Thursday

because purity culture harbors rape & abuse



Content note: child sexual abuse, victim blaming, Christians behaving abominably

Last week I got the chance to talk to our summer staff about sexuality, challenging them to rethink some of the ways we traditionally frame the discussion for young people. We talked about how "sexual purity" marries the language of dirt and shame to sex and bodies in ways that misrepresent God and cause a great deal of harm, and we talked a lot about consent, which most purity teachings erase from the equation altogether.

According to the purity script, any sex and even attraction apart from heterosexual marriage falls under the category of sexual sin: consensual pre-marital or extra-marital sex are indistinguishable morally from sexual abuse and rape, and victims are rendered "impure" and at fault alongside their abusers.

In the purity culture framework, fooling around with one's girlfriend is the same as a youth pastor sexually abusing a minor: just erase consent, harm, and exploitative power differentials, and file together under sexual sin and selfishness.

I wish I were exaggerating, but this specific example played out at Christianity Today's Leadership Journal this week, when they offered up their platform to a convicted child predator, giving him five pages to convince readers that what he was involved in, what got him sent to jail, was an "extra-marital relationship." Nevermind that this "relationship" was with a teenager that he was in a position of spiritual authority over, whom he groomed for sex.

In this abuser narrative, the victim and crime are wholly erased. Instead, the youth pastor and his teenage "friend" are presented as being mutually seduced by the "allure of sin." They both are to blame for "giving the devil a foothold" and "quenching the Holy Spirit", and this is held up as worthy lesson for Christian leaders to learn from:

The "friendship" continued to develop. Talking and texting turned flirtatious. Flirting led to a physical relationship. It was all very slow and gradual, but it was constantly escalating. We were both riddled with guilt and tried to end things, but the allure of sin was strong. We had given the devil far more than a foothold and had quenched the Holy Spirit's prodding so many times, there was little-to-no willpower left.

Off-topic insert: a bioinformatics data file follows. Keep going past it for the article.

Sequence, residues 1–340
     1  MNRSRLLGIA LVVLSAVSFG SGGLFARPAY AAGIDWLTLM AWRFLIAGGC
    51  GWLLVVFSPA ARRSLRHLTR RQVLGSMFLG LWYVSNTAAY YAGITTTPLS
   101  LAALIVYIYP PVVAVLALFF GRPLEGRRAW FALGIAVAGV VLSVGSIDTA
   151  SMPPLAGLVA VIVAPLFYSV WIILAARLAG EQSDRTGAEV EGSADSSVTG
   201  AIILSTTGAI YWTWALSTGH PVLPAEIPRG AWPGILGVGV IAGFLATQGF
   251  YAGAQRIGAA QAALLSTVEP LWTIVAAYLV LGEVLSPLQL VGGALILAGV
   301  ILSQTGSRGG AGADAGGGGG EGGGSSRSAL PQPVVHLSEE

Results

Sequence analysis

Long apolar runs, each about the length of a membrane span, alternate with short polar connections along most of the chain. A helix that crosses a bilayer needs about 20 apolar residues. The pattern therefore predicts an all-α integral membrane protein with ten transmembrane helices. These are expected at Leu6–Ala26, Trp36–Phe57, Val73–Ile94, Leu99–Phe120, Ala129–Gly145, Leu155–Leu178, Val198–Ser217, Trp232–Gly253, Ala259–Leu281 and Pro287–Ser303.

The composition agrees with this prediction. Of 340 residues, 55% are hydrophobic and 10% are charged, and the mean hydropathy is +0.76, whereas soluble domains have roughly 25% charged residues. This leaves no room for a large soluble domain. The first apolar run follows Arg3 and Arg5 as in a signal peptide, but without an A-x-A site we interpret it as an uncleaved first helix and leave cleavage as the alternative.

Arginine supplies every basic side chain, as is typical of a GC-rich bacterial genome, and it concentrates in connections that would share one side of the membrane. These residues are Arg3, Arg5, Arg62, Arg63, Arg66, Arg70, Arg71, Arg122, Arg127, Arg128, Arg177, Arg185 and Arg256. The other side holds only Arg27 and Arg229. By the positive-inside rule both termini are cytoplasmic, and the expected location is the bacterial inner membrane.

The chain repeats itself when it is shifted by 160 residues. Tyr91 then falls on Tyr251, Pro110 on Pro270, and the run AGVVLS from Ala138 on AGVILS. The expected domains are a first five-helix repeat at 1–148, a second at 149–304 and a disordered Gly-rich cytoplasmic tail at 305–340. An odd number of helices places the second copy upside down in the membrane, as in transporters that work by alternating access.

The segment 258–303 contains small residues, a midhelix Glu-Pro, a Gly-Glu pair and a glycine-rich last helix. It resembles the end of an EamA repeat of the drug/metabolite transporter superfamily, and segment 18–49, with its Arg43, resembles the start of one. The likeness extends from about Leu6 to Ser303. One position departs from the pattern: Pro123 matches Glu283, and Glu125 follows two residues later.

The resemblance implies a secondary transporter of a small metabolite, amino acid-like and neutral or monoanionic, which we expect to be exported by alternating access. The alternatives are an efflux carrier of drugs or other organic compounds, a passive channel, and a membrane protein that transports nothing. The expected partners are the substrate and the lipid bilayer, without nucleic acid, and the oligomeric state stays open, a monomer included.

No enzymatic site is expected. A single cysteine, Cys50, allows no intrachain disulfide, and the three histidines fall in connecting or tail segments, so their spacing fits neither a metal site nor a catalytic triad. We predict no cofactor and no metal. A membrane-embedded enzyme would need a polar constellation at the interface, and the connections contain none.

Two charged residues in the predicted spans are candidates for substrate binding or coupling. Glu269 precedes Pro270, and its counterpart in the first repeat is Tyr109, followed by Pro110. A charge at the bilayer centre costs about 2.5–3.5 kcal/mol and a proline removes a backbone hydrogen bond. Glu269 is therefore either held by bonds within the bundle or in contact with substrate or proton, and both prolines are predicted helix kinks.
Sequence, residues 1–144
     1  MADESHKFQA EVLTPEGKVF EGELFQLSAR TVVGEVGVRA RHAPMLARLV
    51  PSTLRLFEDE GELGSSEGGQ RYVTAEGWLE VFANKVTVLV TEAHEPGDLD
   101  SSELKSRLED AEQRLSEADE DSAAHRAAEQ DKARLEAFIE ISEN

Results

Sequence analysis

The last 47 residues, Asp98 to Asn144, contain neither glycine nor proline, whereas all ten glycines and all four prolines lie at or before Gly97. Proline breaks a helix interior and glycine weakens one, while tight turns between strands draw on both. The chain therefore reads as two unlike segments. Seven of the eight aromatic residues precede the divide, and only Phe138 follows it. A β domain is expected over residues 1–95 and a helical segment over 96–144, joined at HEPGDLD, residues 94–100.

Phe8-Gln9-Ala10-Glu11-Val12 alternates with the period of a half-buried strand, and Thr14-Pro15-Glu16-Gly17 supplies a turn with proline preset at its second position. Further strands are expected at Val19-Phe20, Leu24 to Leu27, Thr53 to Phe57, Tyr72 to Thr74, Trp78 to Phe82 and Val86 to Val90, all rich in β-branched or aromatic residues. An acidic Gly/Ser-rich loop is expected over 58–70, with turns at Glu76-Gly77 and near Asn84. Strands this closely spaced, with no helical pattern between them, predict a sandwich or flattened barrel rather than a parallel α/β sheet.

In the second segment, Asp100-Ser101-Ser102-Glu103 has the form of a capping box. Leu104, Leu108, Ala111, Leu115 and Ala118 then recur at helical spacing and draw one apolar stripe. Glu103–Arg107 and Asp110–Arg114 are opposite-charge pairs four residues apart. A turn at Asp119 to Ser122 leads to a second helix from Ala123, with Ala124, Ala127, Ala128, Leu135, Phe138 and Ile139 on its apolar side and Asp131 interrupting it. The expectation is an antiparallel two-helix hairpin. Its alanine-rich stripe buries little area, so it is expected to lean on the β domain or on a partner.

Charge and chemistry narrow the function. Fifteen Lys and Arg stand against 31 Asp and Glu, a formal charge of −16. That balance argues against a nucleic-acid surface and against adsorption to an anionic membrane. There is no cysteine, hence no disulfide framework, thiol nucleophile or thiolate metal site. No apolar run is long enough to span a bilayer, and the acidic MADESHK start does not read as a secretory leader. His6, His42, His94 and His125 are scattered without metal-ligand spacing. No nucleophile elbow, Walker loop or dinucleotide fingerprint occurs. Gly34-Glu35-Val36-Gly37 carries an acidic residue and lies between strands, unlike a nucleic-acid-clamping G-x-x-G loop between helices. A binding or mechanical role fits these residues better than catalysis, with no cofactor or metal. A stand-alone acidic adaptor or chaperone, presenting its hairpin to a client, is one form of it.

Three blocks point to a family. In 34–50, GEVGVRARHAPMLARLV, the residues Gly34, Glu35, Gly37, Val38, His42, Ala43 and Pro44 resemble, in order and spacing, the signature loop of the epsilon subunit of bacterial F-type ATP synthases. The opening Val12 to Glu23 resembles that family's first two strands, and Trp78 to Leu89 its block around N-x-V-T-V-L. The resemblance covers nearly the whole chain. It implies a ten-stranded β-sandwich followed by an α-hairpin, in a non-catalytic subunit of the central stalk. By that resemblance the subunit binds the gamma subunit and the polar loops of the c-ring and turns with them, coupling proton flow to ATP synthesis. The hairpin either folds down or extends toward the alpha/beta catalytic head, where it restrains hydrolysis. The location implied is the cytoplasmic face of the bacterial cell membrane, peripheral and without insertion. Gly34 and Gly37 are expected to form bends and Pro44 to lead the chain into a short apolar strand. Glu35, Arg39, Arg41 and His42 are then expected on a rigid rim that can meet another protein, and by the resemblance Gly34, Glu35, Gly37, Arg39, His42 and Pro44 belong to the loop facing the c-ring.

We tried to end our involvement with each other many times, but it never lasted. How many smokers have quit smoking only to cave in at the next opportunity for a cigarette? We quit so many times, but the temptation of "one more time" proved too strong.
Like David, my selfishness led to infidelity.

Leadership Journal allows a convicted child abuser a platform to manipulatively frame this as a story of personal selfishness and infidelity without one word about molestation, statutory rape, sexual grooming, or the abuse of power and children entrusted to the care of adults at a church. [A "clarifying" author's footnote hardly cancels out five still-standing pages suggesting and flat-out asserting the polar opposite.] Also alarmingly, the article is tagged for these "related topics": accountability, adultery, character, failure, mistakes, self-examination, sex, and temptation.

This is not leadership. This is rape culture, abuse apology, and re-victimization under the guise of education and grace. It's not even a bad redemption narrative, as the youth pastor, publication, and many of its commenters fail to demonstrate a most basic understanding of the fact that what transpired was the rape of a minor, not an adulterous affair. Repentance requires actually accounting for--not glossing over--the actual harm one commits.